Will is comfortable enough to come to David with anything - even something as seemingly random as an odd pattern he finds in crossword puzzles published by different newspapers the same day. The clues in those puzzles aren't the same - but in a few select instances the answers are.

(Soundbite of TV show, "Rubicon")

Mr. JAMES BADGE DALE (Actor): (as Will Travers) David, I think I found a pattern in the big ticket papers. There might be others. I'm not sure, but it's not just the repetition. Three down. Two chambers of the legislative branch - bicameral. Simple enough. Two across. Fillmore. Where the Warlocks, later known as the Grateful Dead, played in San Francisco, but also Millard Fillmore, lard-ass, no-nonsense 13th president. The executive. Four down. Would-be alma mater of felonious record holding wide receiver. Answer: Marshall, as in Randy Moss, Marshall University, Thundering Herd, but also Thurgood Marshall. Judicial. Five down. What do lucky lepidoptera larvae eat? Answer: Marsilea quadrifolia.

Mr. PETER GERETY (Actor): (as David) Which is?

Mr. DALE: (as Will Travers) Four-leaf clover. Our three branches of government are here: legislative, executive, judicial. What or who does that fourth leaf represent and what's the message?

BIANCULLI: Like I said, these guys are smart - and so is "Rubicon." Jason Horwitch, who wrote a clever FX telemovie about the Pentagon Papers, created the show, and its executive producer is writer-director Henry Bromell. I never really got Bromell's "Carnivale" series for HBO, but I've loved lots of the other stuff on which he's worked, including "Homicide" and "Northern Exposure."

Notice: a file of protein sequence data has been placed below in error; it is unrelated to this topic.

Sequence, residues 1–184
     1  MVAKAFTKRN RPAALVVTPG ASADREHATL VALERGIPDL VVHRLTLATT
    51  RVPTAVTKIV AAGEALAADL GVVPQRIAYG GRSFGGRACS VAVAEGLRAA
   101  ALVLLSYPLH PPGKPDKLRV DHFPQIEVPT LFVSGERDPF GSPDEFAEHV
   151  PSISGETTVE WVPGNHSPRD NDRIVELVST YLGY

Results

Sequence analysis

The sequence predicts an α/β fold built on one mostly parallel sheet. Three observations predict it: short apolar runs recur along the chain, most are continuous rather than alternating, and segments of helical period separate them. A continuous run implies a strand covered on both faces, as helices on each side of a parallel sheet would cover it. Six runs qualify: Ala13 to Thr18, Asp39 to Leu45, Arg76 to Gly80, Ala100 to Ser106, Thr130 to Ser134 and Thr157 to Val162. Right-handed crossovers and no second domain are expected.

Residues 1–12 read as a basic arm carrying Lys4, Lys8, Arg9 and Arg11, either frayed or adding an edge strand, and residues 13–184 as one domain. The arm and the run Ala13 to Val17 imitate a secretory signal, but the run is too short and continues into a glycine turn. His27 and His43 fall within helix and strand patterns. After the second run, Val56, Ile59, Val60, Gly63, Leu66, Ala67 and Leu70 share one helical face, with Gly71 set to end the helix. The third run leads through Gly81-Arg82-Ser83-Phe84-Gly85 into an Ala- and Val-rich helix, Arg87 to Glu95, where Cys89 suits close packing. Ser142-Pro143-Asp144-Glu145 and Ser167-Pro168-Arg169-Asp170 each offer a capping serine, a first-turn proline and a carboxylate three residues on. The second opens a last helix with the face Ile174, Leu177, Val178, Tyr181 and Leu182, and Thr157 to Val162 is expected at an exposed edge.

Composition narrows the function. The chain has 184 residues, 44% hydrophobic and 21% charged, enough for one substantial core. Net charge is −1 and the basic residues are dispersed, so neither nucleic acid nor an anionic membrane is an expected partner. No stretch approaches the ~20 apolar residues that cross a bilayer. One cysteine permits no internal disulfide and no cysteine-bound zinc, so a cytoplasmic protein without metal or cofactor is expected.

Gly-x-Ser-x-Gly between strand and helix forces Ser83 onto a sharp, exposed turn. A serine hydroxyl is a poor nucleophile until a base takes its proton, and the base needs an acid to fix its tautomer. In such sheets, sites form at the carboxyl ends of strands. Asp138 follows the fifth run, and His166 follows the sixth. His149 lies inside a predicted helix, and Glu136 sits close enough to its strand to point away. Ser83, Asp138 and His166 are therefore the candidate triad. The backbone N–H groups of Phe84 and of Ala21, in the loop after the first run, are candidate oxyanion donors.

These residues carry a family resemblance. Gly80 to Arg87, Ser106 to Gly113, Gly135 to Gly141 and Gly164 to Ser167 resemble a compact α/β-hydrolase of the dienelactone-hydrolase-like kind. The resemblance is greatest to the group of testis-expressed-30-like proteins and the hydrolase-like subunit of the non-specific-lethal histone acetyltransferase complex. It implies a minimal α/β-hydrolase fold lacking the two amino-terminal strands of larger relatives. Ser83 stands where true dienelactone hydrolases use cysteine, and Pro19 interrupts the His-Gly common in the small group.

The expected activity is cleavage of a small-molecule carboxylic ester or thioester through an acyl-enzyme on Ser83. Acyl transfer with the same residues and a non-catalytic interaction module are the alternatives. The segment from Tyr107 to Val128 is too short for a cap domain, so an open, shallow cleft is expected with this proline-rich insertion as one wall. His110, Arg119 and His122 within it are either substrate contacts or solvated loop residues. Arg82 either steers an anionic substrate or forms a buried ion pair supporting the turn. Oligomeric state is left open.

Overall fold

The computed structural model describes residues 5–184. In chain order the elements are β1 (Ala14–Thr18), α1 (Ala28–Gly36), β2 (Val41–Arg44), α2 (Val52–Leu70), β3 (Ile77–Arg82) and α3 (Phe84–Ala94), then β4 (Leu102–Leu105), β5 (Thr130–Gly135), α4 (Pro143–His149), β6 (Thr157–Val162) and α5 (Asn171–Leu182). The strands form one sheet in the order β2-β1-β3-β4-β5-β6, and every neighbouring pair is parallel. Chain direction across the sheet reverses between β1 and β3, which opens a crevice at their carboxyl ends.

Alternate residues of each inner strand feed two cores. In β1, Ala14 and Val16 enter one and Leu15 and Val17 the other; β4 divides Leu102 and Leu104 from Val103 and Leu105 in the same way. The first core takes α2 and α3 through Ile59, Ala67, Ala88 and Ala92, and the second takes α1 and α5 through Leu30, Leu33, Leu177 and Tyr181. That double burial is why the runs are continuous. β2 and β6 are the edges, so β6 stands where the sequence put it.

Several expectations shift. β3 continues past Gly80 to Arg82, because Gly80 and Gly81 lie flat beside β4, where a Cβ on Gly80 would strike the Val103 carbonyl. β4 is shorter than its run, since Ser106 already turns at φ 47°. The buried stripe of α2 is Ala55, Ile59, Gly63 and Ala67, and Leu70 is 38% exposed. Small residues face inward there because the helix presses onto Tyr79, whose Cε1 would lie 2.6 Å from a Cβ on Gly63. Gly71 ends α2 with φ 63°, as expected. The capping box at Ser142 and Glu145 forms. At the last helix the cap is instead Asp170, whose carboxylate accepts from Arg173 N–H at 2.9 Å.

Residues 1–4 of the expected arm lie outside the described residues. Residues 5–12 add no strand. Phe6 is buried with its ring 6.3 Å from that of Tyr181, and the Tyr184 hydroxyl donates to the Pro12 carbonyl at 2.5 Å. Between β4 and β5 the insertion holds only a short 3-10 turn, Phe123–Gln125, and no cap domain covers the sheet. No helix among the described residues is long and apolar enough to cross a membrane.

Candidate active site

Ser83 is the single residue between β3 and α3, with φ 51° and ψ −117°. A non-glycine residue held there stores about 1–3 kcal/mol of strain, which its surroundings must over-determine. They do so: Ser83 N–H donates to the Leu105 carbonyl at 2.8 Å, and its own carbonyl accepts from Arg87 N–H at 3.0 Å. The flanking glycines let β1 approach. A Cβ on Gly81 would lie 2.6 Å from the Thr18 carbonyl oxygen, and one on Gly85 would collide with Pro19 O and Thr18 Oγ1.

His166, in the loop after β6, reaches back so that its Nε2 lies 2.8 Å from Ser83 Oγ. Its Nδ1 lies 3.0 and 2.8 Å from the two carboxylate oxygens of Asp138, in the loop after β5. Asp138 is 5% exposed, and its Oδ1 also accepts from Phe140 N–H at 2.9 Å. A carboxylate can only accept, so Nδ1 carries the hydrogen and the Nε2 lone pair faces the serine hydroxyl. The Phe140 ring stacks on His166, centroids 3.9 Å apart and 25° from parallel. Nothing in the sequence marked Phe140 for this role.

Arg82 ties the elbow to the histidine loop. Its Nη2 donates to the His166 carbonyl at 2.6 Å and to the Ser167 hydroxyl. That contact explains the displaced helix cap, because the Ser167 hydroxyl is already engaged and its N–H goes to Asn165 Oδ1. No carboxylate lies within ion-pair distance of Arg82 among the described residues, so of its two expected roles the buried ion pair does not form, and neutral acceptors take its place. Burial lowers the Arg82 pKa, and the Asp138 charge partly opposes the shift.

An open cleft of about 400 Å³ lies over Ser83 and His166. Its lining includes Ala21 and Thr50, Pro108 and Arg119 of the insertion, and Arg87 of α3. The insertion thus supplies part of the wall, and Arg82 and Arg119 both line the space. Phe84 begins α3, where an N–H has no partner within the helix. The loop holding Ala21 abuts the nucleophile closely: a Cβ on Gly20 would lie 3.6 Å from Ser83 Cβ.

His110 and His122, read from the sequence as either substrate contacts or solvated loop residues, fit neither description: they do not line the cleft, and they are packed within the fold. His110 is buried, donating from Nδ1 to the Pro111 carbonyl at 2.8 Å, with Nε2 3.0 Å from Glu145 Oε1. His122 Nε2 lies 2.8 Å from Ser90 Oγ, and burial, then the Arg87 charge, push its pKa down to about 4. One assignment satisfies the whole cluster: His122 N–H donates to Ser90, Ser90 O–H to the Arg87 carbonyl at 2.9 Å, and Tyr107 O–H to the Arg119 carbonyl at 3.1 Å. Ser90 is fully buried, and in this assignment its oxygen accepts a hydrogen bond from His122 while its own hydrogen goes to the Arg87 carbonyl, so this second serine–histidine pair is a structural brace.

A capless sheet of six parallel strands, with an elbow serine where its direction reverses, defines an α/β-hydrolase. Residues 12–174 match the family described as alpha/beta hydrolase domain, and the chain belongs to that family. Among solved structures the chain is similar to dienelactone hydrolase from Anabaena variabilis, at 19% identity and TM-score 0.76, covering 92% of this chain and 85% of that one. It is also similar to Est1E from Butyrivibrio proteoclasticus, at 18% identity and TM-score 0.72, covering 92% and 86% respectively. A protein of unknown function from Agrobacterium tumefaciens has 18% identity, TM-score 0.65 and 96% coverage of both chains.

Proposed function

The creators of this new TV series are upfront about being inspired by some of the greatest conspiracy thriller movies of the 1970s: "All the President's Men," "Three Days of the Condor," and that underrated classic, "The Parallax View." But "Rubicon" isn't just an homage - it's a much needed update. In an era when we're all being watched, one way or another, the question who's watching the watchers becomes even more vital.

The more time you spend with the watchers at API, the more fragile they are - and the more fascinating. Lauren Hodges from "In Treatment" plays one of Will's co-workers, and the widow of one of the early fatalities is played by Miranda Richardson.

I've seen the first four episodes of "Rubicon," and each one is a little more frightening and mind-blowing. Episode two is the one that hooks you, so you have to be a little patient. But after that, I doubt you'll ever look at crossword puzzles, or four-leaf clovers, the same way again.

GROSS: David Bianculli is TV critic for TVWorthWatching.com and teaches television and film at Rowan University in New Jersey.

Copyright © 2010 NPR. All rights reserved. Visit our website terms of use and permissions pages at www.npr.org for further information.

NPR transcripts are created on a rush deadline by Verb8tm, Inc., an NPR contractor, and produced using a proprietary transcription process developed with NPR. This text may not be in its final form and may be updated or revised in the future. Accuracy and availability may vary. The authoritative record of NPR’s programming is the audio record.